Moshe Milevsky, a professor at York University, recommends thinking strategically about your “personal beta” for managing risk. That begins by evaluating your human capital, he advises in today’s Wall Street Journal. “It’s a measure of your future earnings, a product of what you’ve invested in yourself.” Good advice. In fact, evaluating your career risk is job one when considering how to modify the broad market portfolio. But even before you do that, you need a good definition of the market, and the usual suspects just won’t do.
I spend a lot of time studying an expansive definition of the passively allocated market portfolio. It’s hardly a silver bullet, but it’s a critical part of developing an investment strategy and surveying market opportunity and risk. Surprisingly, it’s routinely ignored by most investors. Maybe that’s because it’s hard to find good measures of the market portfolio, which is why I decided a while back to calculate it myself. In each monthly issue of The Beta Investment Report I review the broad market’s performance, asset mix, risk allocation, etc. Why? Because over the long haul, a robust definition of all the major asset classes, weighted by their passive market cap weights, is the optimal investment portfolio for the average investor. Many investors will outperform this benchmark, but many will trail it. And if you factor in taxes and trading costs, perhaps the majority of investors will fall short of the broad market portfolio benchmark over time.
Decades of financial economics predict no less, as outlined in my book Dynamic Asset Allocation: Modern Portfolio Theory Updated for the Smart Investor. Theory, of course, doesn’t pay the bills. Is there any reason to think that academic deciphering of asset pricing has any relevance in the real world? Yes, based on my analysis on the proprietary index published in The Beta Investment Report.
For instance, over the past decade, the Global Market Index (a passively weighted measured of all the major asset classes) posted a roughly 3.4% annualized total return. (For a list of the underlying indices used in the calculations, see the benchmarks noted here.)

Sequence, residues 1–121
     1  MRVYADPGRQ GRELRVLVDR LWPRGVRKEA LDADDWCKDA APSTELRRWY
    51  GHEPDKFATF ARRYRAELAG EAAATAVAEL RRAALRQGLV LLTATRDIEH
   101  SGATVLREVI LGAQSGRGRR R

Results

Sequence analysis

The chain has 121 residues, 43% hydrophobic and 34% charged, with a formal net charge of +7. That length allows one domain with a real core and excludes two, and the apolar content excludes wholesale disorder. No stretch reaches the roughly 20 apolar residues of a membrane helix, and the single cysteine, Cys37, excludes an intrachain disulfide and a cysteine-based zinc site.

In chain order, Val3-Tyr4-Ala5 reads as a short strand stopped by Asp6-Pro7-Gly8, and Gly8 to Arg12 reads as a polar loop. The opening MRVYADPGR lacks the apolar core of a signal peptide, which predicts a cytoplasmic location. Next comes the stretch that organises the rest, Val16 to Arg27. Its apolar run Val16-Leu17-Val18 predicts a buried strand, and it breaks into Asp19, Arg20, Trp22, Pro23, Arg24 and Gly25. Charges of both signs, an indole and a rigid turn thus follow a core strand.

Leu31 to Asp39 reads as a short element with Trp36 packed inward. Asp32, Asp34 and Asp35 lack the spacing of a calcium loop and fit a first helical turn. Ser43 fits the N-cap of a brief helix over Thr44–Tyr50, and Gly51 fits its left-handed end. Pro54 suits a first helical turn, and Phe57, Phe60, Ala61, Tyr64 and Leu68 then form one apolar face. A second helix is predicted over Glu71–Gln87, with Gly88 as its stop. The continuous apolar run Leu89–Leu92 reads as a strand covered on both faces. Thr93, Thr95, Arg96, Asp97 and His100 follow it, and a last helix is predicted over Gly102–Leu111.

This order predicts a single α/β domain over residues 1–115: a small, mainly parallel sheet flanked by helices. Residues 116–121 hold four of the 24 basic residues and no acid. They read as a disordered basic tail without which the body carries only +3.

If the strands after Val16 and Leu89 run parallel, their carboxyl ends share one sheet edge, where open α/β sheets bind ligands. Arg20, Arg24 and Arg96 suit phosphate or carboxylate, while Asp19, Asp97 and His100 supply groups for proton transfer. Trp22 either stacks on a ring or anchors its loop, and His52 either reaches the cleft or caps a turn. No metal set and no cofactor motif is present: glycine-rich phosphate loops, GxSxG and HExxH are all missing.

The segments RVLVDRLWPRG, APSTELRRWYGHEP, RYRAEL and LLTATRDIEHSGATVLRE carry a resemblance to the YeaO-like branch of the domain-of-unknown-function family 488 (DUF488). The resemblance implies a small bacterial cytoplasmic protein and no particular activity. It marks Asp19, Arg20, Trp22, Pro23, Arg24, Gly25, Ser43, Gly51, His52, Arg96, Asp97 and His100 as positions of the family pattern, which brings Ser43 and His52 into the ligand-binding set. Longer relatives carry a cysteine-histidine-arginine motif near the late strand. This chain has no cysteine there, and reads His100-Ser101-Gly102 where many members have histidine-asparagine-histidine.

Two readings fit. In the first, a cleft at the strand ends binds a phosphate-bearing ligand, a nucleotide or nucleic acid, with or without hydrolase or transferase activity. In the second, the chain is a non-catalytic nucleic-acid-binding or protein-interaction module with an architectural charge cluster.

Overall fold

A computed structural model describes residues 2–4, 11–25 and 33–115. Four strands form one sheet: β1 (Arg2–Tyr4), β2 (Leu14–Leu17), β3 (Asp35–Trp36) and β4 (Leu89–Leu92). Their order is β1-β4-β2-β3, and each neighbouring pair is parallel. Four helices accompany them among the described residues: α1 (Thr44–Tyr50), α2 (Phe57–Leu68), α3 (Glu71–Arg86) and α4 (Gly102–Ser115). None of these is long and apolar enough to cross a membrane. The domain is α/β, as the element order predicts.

That’s more or less middling, if not disappointing. But in other periods, the market portfolio has done better. Returns can and do fluctuate. As for the past 10 years, times were tough on two of the index’s biggest components: equities in the U.S. and foreign developed nations–both trailed the market portfolio. On the other hand, the last 10 years also delivered stellar returns in REITs and emerging market stocks and bonds.
The point is that a mindless indexing strategy of owning everything in its market-weighted proportions delivered a modest return over the past decade. Could you have done better? Sure, but you could have also done worse, perhaps a lot worse. In fact, many investors suffered for taking radical asset allocation bets, believing that a given manager could easily beat the market, etc.
The central challenge for strategic-minded investing is deciding how to modify the market portfolio. The possibilities are, of course, endless. We could, for instance, alter Mr. Market’s asset allocation, or manage it dynamically, or use actively managed funds as replacements for the various index components, and so on. In fact, there’s a case for some prudent modifications, if only because individual investors are something other than average and the market’s aren’t always and forever a pure random walk.
But we should proceed cautiously in changing the market’s allocation. In other words, we need to pick our poisons carefully. History suggests that the path of least resistance does otherwise. A fair amount of the modification’s to the passive asset allocation ends up delivering self-inflicted wounds. Owning U.S. equities in isolation over the past 10 years, for instance, hasn’t worked out that well. Of course, if we go back a decade to the year 2000, expectations were sky high in thinking that stocks would bring big, easy gains.
The debate about what to do, and when to do it, is a career unto itself when it comes to considering the possibilities for modifying the market portfolio. All the more so if we factor in the confusing messages that bubble forth from Wall Street. To be blunt, much of what passes for productive advice is misguided, misleading or just plain dangerous.
Fortunately, there’s a great place to start, as Milevsky’s article suggests. In effect, he tells us to “think smarter about risk.” That’s also the advice embedded in decades of financial econoimcs research, i.e., successful investing is primarily a task of managing risk as opposed to chasing return.
As one example, imagine that you work for an oil company. Your career is tied up with the fortunes of energy. In effect, you’re personal beta is long energy, perhaps in a big way. If the energy business does well, you’ll do well, and vice versa. That suggests lightening up on the allocation to energy stocks in your investment portfolio, if not avoiding energy companies altogether. In fact, you might even consider shorting energy firms.
Thanks to ETFs and index mutual funds, customizing Mr. Market’s portfolio is easy, efficient and inexpensive. Some of the customization is a no-brainer. But some of it’s speculative, and other decisions are downright foolish. Knowing how to spot the difference is the first step in boosting the odds that you’ll end up with something more than Mr. Market’s returns over the next 10 years.